I mentioned in this blog that I thought it was time to discover whether Linux was ready for prime time. Thus, this reasonably computer literate nerd decided to install Ubuntu Linux on an old laptop. Here is my saga:
Wednesday, October 10th
- Yippee ... my free Ubuntu Linux CD Rom has arrived
- Reboot computer off Ubuntu CD
- Answer five easy questions during install (keyboard, time zone, etc)
- Software starts to copy / configure ... take Spot the wonderdog for a walk
- Return home ... Ubuntu is installed!
- Hook up ethernet cable ... Wow! (I'm on the network)
- Play around with system ... make first attempt to install wireless card
- No success with wireless card ... must be tired ... go to bed
Thursday, October 11th
- Come home from work ... start work on configuring wireless card
- Google Query: Linux, Ubuntu, Wireless, Network, Install
- Hmmm ... lots of people have lots of problems with wireless cards
- Learn all about ndiswrapper
- Try to use lazy man's way out (i.e. free trial download from Linuxant)
- Get frustrated ... give up on old DLinkSys card
- Purchase new "compatible" Netgear wireless card via Amazon
Leave town ... run WhistleStop Marathon in Ashland, Wisconsin
Monday, October, 16th
- New Netgear WG511 wireless card arrives
- Repeat wireless installation attempts with ndiswrapper and other tools
- Hardware profile at least knows that I have a PCMIA card installed
- Much frustration ... perhaps card is not so compatible
- Google reveals many other people have similar problems
- Give up ... my time is not worth this aggravation.
- I will reinstall Windows XP (ouch!)
Thus, in my assessment, Linux is not ready for the faint of heart. I chose Ubuntu because it was supposed to install a nice clean desktop interface right out of the box. In fact, if I only had wanted to use my computer hard wired to the network, Ubuntu worked perfectly and was a very easy install. Wireless (and I never got to the WEP problems many people experienced) is a totally different matter.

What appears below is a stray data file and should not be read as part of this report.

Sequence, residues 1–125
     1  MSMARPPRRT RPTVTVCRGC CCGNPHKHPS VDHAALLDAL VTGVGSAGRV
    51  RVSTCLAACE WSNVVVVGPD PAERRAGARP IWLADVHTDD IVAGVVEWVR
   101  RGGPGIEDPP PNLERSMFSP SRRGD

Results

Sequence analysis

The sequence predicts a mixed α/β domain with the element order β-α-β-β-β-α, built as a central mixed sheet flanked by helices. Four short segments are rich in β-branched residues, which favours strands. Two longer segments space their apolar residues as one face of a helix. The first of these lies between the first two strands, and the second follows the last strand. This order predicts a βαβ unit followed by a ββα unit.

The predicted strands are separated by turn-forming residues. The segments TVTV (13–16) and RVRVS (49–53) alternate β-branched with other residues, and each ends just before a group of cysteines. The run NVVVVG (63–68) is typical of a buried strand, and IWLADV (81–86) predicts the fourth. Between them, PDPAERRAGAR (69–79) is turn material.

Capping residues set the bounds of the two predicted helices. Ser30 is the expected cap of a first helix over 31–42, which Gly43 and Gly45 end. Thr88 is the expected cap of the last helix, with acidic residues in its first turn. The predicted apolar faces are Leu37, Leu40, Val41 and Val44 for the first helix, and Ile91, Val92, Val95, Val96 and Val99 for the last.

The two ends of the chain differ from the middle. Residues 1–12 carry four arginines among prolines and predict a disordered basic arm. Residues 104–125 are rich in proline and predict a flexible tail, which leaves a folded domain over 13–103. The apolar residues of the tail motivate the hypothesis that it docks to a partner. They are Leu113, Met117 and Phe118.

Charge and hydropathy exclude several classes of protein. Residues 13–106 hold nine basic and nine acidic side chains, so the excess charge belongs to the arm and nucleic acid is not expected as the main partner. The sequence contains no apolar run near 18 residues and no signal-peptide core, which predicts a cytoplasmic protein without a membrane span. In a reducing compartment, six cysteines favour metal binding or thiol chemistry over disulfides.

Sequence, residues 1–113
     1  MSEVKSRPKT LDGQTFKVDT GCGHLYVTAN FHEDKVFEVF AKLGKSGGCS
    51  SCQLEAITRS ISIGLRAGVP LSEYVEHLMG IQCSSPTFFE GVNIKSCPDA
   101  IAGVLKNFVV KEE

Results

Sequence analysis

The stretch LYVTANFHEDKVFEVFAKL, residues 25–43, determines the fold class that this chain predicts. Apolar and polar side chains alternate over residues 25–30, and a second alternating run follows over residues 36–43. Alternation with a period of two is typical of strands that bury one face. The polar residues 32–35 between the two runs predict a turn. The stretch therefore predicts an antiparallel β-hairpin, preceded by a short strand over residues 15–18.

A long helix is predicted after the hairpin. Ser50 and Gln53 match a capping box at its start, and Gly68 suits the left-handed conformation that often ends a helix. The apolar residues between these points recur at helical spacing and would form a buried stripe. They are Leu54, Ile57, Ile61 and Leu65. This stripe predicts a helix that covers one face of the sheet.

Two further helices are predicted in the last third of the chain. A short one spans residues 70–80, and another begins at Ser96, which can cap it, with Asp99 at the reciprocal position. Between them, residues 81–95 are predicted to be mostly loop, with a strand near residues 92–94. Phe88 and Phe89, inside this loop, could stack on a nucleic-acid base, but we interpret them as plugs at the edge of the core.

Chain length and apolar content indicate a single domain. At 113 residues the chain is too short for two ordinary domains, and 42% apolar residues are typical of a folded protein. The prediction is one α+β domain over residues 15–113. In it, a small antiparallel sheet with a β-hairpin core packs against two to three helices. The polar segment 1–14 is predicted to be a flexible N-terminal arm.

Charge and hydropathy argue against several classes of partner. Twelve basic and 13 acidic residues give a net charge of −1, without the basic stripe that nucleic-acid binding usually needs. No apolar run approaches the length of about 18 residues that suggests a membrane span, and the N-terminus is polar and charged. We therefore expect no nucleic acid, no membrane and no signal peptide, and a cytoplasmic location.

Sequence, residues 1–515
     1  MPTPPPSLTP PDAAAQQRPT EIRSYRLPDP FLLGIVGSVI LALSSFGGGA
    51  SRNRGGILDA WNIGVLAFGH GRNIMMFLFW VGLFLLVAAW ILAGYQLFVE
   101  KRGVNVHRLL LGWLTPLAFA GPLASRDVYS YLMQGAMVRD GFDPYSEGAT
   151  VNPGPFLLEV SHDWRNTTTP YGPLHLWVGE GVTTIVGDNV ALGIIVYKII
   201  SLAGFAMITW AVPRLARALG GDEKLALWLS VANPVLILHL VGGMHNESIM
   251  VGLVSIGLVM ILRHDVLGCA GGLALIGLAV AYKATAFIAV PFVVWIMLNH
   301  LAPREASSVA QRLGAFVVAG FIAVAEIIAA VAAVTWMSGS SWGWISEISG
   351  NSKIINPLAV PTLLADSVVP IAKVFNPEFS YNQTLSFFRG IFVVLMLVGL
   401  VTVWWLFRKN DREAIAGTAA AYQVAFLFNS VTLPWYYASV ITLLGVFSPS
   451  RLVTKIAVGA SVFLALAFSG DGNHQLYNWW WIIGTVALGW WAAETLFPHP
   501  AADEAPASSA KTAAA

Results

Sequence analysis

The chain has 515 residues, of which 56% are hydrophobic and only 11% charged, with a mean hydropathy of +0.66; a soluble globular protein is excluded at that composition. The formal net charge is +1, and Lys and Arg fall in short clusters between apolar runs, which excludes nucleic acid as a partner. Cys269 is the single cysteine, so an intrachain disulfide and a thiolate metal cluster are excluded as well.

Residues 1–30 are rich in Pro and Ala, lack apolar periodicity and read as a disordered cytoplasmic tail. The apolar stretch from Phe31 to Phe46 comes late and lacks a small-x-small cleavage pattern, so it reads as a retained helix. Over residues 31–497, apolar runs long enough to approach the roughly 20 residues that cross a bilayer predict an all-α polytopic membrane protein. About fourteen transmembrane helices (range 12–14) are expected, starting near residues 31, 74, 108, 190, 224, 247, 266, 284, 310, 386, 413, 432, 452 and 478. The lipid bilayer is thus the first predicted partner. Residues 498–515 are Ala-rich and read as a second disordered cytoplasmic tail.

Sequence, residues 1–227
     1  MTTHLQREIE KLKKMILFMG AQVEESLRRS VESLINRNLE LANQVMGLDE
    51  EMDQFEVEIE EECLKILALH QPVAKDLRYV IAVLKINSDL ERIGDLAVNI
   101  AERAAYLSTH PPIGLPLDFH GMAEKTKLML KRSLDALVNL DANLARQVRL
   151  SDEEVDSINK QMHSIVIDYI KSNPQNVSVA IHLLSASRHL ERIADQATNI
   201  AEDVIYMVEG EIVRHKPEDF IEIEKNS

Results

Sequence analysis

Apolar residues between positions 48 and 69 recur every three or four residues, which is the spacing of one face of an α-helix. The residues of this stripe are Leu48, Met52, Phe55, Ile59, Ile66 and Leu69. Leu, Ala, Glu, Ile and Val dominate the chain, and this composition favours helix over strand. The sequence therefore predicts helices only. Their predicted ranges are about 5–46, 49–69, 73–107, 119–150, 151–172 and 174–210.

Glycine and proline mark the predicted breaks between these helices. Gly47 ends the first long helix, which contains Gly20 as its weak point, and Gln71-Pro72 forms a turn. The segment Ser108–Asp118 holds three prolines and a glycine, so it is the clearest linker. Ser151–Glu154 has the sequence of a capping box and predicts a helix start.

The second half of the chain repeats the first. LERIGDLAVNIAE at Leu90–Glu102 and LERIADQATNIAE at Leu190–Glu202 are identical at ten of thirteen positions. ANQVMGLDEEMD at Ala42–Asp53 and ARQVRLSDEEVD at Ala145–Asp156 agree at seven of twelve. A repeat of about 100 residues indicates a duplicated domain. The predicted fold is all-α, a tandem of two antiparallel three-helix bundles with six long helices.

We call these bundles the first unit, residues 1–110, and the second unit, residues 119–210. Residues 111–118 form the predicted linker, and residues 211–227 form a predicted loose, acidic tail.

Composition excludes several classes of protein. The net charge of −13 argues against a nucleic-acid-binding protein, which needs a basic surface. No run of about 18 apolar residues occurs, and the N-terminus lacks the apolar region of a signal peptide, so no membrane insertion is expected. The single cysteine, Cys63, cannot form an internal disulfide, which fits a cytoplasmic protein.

Update later in the day:
Thanks to all the Linux folks who have contacted me. I'll try a few of the suggestions.
Update on October 17th (next day):
In the comments area for this post, an issue was raised over how the media often serves up misinformation with respect to LINUX. Interestingly enough, the Wall Street Journal has a very large article in today's paper written by Lee Gomes titled: How Far Behind is Linux. As the WSJ will not leave the article in the clear for more than a few days, here are pdf copies
You should hope your post slips by the other Linux watchful. If it doesn't then you'll get buried in some rather unpleasant responses.
Ok, here it goes. I will simplify your post into one sentence, see if you can spot the flaw. I tried to get Ubuntu working with my wifi card but Linux doesn't work. You seem to have fallen into the trap laid by the clueless press. Ubuntu is NOT Linux. It's one Linux distro of many good ones. Ubuntu is a very respected distro but not necessarily the best one for your machine.
If you take the time to learn more about Linux and make the effort to get Linux working on your machine, you'll be rewarded with a computer that is nearly impervious to malware, boots up and shuts down in under a minute, does NOT report back to the mothership on you, will not degrade in performance over time and is far more configurable than any operating system on the planet.
I don't know what your circumstances are with your Internet connection (you ordered Ubuntu rather than downloaded it) but my advice would be to download PCLinuxOS and give it a try, it has very good hardware detection. Another thing you should do before trying any distro is this: Google "your wifi card" with "distro of choice". You are bound to get some good information.
Linux is free but don't expect it configure itself completely without any user input any more than you'd expect XP to install itself complete with antivirus, firewall, office suite, registry cleaner, full suite of user games, and an "Add"/Remove program manager that actually *ADDS* programs. You may want to visit this page "http://faler.wordpress.com/2007/10/14/linux-is-a-no-go/", he had problems similar to yours. Which ever way you go Ubuntu...I mean Linux, or XP, good luck.
Blog owner (Rich Hoeg) responding to Richard Chapman (author of comment):
Thanks for the excellent comment. While I now appreciate your point about Ubuntu vs. Linux, the Ubuntu web site describes themselves in this manner: "Ubuntu is a community developed, linux-based operating system that is perfect for laptops, desktops and servers." Thus, it is more than the press that caused my confusion. My goal was to find a desktop version of Linux which could be easily installed.
As I stated, my install worked perfectly if all I wanted was a desktop, hard wired computer. Wireless was the issue.
It will be sad if I get bombarded with negative comments by Linux supporters. This was a serious attempt to try a new option, on a blog which focuses upon the idea that "knowledge should be free".
Thanks again. I'll visit the link you recommend ... Rich Hoeg.
Posted by: Richard Chapman | October 16, 2007 at 10:50 AM